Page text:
Construction recruitment fraud in the factoring industry seems to one of the growing problems within the the invoice finance world.
I had enquiries from two recruitment companies in quick succession towards the end of last year that were fairly obviously set up to deliberately defraud factoring companies and another over the weekend which is why I thought it time to put pen to paper.
What worries me is that some factors (including bank owned factoring companies) are so lax in their due diligence that they take on these fairly obvious fraudsters and end up losing money with sums in excess of £1m being lost by at least one bank owned factoring company and others being caught for lesser sums.
A further concern is that brokers try and punt these fraudulent deals around the market place either because they aren’t bright enough to spot an obvious bad un or else because they couldn’t care less if they can earn out of it.
The first of my enquiries telephoned to ask me to source a factoring deal for them. According to the caller they were a fairly new company but had £1m of orders for construction industry workers if they could obtain the funding.
I suggested one particular factoring company that would have been ideal for them but he told me not to contact them as he had already spoken to them. When I suggested that if I spoke to them he would probably get a better rate he was fairly insistent that he would deal with that company himself.
Comments like that tend to set my spidey senses tingling and it didn’t take long for me to find that a company in the same line of business run by a director with the same surname had gone into Administration owing a large sum to the factoring company that he didn’t want me to contact. What made it worse was that the director had been banned from running any more companies such had been his previous behaviour.
My most recent example of this type of company came via a contact form on my website so I had time to research the company before speaking to them.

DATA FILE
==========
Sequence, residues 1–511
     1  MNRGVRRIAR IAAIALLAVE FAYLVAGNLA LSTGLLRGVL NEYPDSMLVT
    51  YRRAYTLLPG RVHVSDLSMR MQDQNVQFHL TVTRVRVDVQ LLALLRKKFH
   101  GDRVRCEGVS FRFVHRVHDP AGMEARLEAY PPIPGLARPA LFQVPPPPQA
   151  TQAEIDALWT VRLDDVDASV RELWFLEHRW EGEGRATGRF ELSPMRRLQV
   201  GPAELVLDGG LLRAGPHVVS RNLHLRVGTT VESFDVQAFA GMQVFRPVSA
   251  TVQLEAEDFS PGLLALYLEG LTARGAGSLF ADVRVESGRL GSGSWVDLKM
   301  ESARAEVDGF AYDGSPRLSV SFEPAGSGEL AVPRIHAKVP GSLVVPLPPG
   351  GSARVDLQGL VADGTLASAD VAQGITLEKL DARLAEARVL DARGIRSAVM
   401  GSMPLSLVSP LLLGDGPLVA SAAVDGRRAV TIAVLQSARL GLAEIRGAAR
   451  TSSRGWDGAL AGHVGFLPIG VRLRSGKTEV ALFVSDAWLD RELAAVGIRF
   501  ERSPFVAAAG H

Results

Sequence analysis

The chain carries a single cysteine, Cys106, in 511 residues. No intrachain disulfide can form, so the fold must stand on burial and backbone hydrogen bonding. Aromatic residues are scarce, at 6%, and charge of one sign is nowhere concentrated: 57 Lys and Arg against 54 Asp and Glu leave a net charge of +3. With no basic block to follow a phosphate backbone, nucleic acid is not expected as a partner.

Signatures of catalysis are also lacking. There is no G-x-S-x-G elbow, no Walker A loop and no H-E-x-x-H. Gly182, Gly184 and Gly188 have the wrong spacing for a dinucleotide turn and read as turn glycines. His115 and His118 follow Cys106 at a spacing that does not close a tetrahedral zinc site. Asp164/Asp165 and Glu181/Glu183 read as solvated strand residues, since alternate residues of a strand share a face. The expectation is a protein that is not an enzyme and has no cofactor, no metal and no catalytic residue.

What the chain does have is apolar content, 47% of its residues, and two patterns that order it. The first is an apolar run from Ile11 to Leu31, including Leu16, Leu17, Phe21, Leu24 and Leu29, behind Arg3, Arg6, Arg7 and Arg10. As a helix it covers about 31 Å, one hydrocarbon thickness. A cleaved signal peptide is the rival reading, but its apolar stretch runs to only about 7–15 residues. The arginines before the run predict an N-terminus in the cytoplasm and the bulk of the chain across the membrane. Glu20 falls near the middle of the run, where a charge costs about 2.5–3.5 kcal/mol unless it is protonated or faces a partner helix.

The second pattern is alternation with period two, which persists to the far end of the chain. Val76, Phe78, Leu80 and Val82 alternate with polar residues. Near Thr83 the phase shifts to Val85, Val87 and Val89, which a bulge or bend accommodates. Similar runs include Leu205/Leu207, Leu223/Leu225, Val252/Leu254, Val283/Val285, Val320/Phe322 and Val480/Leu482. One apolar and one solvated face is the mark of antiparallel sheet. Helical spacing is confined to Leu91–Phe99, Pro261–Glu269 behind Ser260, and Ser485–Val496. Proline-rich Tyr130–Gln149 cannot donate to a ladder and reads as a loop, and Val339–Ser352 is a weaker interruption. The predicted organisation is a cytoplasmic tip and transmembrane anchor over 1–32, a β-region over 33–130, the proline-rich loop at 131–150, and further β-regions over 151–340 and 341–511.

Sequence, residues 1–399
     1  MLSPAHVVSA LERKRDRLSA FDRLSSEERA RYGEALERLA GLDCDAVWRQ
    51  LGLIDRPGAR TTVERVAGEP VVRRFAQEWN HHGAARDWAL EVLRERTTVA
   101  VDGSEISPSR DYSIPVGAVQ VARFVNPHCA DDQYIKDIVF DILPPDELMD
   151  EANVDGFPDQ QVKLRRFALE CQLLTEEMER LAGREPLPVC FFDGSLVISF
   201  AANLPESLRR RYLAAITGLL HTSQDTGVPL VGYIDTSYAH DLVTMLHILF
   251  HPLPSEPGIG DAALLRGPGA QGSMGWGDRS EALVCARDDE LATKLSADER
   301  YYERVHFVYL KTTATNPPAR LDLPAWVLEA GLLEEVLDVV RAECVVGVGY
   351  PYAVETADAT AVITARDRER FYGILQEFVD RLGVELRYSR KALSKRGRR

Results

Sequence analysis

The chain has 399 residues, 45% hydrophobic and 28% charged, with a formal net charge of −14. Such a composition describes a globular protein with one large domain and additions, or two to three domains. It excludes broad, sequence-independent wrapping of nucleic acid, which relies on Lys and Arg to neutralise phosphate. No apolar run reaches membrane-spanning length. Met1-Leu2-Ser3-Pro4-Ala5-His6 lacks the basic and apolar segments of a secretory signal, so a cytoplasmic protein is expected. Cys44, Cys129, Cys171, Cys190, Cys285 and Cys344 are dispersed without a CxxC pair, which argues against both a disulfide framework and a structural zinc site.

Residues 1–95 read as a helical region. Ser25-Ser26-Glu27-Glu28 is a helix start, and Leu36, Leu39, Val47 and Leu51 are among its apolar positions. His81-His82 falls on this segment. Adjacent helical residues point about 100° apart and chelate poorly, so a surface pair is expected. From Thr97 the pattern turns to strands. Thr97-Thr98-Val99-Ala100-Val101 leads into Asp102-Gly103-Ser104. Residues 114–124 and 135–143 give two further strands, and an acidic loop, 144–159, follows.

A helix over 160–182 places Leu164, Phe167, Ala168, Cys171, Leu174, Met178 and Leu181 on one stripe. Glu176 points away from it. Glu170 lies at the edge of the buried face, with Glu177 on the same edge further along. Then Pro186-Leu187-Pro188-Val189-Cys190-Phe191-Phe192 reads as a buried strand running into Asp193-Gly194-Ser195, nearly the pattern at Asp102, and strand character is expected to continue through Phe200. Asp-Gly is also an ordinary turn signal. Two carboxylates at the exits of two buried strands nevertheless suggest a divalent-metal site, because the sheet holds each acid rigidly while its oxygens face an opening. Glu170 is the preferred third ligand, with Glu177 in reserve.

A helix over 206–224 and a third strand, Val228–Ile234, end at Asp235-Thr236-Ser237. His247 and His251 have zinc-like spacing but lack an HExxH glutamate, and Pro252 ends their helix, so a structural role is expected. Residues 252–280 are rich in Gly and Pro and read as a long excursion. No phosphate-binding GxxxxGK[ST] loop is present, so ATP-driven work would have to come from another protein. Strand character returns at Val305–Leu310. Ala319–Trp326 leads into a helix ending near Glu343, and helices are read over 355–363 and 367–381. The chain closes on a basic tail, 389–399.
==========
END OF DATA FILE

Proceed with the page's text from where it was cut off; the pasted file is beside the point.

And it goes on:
The first oddity on the contact form was that the email address from the contact was from an Outlook address and not as one would expect from a company email address. When a contact form includes a link to a website it is natural to have a look at it but this time the website didn’t exist and according to Whois the domain hadn’t even been registered.
Like many contact forms it records the IP address and this one was in Oman.
It was a most unusual set of accounts as it showed fixed assets of £1,813,000 debtors of £313,000, cash at bank of £411,430 and no creditors at all.
Although I said that I had time to research the company before speaking to them I didn’t actually bother to contact them at all as I value my reputation for integrity and in my 22 years as a factoring broker I have never once put forward any deal that I thought was wrong although there have been one or two that turned out to be fraudsters.
A dozen or more years ago I had a fairly new start telecoms company accepted and I went on holiday to lie in the sun dreaming how I was going to spend the £16,000 commission that I had invoiced before I left only to return to find the whole thing was a fraud but that’s another story
EDIT – Just five minutes after uploading this blog I received a phone call from the latest fraudster and told her that I didn’t want to deal with her enquiry to which she just replied “OK”